I have followed the America’s Cup ever since the 1950s when after a 20-odd-year hiatus during and after WWII.
It was a bit of a letdown when they changed from Twelve Meter yachts to the ultra-modern foiling monohulls. With the Twelve Meters, every sailor out on the lake could identify with every skipper and crew member in the competition because we were all participating in the same sport. I was afraid that the racing had evolved into something akin to NASCAR, with boats approaching each other at speeds of 50 knots and I had nothing to identify with! The latest America’s Cup series has changed my view entirely. Even though I cannot picture myself at the helm of one of these machines I certainly enjoy watching them going around the race course. The views, both overhead and on water are superb and the computer graphics are phenomenal! Watch it on YouTube.
This year the Cup was defended by Emirates Team New Zealand against the Italian team, Luna Rossa Prada-Pirelli in Auckland, NZ. After an exciting series with leads of over a kilometer changing several times during a race, the Kiwis triumphed and the Cup will stay in New Zealand for now.
Thinking back over the years there were some memorable stories about both teams.
The first year the New Zealand team defended the America’s Cup was 2000. This was exciting for them because New Zealand was not really famous for anything before then. It is a beautiful country with six million people and 30 million sheep. The biggest problem in the country is the smell of sheep manure.
Some politician decided that the Cup defense would be an opportunity to show the world what else the country had to offer, so it was decreed that everything on the New Zealand boat had to be made in New Zealand. This is an interesting concept in theory but there are a lot of things on a sailboat that other countries manufacture very well and all their competitors would be using the very best, no matter what the country of origin. This was further complicated by the fact that everyone was converting to carbon fiber as a strong, lightweight replacement for fiberglass and aluminum. But carbon fiber was an entirely new technology and extremely difficult to master.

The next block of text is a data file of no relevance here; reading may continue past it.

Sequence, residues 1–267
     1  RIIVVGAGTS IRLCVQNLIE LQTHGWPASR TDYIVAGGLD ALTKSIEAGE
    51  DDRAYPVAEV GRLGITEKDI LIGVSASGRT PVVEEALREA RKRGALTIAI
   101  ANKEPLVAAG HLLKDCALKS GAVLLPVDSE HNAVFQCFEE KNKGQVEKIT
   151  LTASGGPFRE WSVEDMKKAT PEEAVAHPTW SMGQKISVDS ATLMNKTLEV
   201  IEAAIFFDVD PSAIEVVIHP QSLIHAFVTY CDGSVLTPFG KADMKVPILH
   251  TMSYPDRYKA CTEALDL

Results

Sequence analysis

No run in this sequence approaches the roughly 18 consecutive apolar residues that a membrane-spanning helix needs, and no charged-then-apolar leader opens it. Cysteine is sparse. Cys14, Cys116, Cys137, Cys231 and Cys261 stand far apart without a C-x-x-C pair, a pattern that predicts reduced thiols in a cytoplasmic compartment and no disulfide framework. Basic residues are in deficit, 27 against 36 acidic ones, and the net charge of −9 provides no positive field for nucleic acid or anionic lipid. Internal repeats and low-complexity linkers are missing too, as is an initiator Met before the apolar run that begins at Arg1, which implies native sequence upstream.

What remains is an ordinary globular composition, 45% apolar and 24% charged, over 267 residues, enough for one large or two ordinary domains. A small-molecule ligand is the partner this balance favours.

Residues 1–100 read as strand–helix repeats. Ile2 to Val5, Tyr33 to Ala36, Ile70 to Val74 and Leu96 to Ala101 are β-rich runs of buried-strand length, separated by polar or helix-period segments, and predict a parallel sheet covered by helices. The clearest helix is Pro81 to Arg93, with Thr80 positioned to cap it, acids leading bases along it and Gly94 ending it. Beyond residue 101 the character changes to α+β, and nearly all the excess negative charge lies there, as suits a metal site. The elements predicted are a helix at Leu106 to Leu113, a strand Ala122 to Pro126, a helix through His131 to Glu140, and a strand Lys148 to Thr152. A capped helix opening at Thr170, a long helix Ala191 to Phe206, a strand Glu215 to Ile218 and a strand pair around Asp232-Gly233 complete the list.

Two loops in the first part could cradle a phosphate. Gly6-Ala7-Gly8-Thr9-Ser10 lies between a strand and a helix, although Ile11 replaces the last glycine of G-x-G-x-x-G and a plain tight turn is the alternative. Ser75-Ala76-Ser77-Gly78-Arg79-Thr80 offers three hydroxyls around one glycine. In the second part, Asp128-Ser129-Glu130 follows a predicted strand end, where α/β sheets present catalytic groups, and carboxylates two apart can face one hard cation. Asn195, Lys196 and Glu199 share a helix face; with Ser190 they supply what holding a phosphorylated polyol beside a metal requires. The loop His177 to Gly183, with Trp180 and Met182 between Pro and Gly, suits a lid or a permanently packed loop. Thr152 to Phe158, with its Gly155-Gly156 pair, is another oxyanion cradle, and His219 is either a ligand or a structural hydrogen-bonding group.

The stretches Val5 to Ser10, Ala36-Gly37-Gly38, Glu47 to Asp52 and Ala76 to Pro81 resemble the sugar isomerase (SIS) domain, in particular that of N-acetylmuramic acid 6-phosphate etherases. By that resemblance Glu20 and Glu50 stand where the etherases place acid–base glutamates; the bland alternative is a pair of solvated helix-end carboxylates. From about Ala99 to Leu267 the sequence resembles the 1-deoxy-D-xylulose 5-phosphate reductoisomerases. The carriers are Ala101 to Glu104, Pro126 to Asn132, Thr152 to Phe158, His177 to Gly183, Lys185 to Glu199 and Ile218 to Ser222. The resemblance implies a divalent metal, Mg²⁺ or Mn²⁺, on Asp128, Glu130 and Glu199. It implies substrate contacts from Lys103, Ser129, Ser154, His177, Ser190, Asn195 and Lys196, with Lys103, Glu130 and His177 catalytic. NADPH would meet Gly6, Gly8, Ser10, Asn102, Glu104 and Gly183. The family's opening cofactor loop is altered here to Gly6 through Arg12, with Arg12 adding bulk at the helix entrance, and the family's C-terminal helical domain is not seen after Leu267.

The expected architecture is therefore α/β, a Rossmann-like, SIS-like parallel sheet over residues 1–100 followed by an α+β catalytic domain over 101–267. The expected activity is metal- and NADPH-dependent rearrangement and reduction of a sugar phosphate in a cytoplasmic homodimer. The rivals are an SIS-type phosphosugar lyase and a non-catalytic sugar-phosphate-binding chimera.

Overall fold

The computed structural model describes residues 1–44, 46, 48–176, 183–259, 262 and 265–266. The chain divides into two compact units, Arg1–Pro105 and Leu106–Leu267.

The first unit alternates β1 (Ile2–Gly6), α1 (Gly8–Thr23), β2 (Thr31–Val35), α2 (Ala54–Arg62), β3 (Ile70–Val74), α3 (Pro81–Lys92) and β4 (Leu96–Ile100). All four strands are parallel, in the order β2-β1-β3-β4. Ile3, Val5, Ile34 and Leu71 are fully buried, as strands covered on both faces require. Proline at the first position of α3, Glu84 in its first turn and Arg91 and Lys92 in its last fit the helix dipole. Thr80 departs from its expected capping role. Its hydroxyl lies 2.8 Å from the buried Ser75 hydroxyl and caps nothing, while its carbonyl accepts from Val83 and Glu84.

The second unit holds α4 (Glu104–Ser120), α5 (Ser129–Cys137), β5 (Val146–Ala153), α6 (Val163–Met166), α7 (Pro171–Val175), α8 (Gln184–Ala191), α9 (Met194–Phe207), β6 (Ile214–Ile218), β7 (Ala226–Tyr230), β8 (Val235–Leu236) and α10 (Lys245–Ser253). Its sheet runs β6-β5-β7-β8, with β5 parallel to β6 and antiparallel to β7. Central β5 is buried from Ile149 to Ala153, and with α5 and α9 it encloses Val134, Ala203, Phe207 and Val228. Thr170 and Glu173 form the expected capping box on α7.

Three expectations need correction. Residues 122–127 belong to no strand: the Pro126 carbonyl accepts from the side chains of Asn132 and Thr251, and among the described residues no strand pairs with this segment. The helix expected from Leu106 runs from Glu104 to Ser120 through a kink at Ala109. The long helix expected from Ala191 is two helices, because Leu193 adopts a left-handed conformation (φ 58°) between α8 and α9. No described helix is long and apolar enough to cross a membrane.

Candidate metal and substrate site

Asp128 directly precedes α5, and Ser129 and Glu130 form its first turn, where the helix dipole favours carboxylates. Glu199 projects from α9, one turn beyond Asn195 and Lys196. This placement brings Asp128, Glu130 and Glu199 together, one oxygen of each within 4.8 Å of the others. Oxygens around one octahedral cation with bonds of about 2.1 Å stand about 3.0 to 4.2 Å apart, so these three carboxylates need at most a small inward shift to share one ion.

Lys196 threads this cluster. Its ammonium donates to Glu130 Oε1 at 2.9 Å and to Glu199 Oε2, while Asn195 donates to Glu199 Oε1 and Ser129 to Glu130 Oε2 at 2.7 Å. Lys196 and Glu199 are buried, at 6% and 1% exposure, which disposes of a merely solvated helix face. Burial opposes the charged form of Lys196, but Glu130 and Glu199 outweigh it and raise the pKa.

The first race coincided with the sailing of the National Offshore One Design (NOOD) Race in St Petersburg, FL, where my wife and I were on Race Committee. About 200 athletes and support crew were gathered in the grand ballroom of the St. Pete Yacht Club where a local electronics firm had set up a giant TV to show the races in real-time. It was standing room only!
Right from the start of the first race, the Kiwis knew they were in trouble. It was extremely windy and the Kiwi boat was heeling over more than usual. This caused a lot of water to pour into the cockpit and the scuppers could not drain it out fast enough. As they heeled over even farther, more water came in. They actually had a crew member bailing out the cockpit with a plastic trash can! This is not S.O.P. on a racing yacht! Then things literally began to come apart: fittings pulled loose from the deck, lines snapped and finally, the carbon fiber boom broke! In St. Pete, all eyes were intent on the TV and our room full of serious sailors let out a loud groan in unison as each disaster happened. However, the Kiwis did a good job at damage control, and finally managed to limp across the finish line to complete the race.
The Italian team has come a long way since they first competed for the America’s Cup in Perth, Australia in 1987. Back then they were known as the “Gucci Boys” because Gucci had designed their uniforms. They were competent sailors, but I think they were there more to party and enjoy the event. One of the things you don’t do in match racing is let your opponent know what you plan to do in advance. You could always tell when these fellows were about to tack because they would all take a final drag on their cigarettes and throw them overboard, then, “Ready about, helm’s alee” or however it sounds in Italian! They were eliminated rather early, so they decided to just hang around in Perth and party for the rest of the competition. One day they rented a van and went for a tour of the Outback. Driving along, miles from nowhere, they hit a kangaroo. In Australia, people hit kangaroos like we hit deer here in Flowery Branch, so it was not a rare occurrence. They figured this was a chance for a photo op, so they dressed the kangaroo up in a Gucci jacket, Gucci hat and Gucci sunglasses and propped him up against the side of the van. Well, the kangaroo was not dead, only stunned and he decided he did not want to play this game. He kicked the daylights out of the guys and took off bounding across the Outback with the crew in hot pursuit. After a long, fruitless chase, they finally gave up. When they got back to the van, they realized that the kangaroo was wearing the driver’s jacket, with his wallet, his passport and most importantly, the keys to the van! Eventually, someone came along and gave them a lift back to civilization. There is no telling what happened to the kangaroo, but I imagine he wore the Gucci gear until the next season when the fashions changed.
This time around both teams seemed to be evenly matched, and although Luna Rossa Prada-Pirelli did an excellent job, Emirates Team New Zealand looked to have a faster boat. Now they get to pick the venue and time of the next challenge and I can’t wait!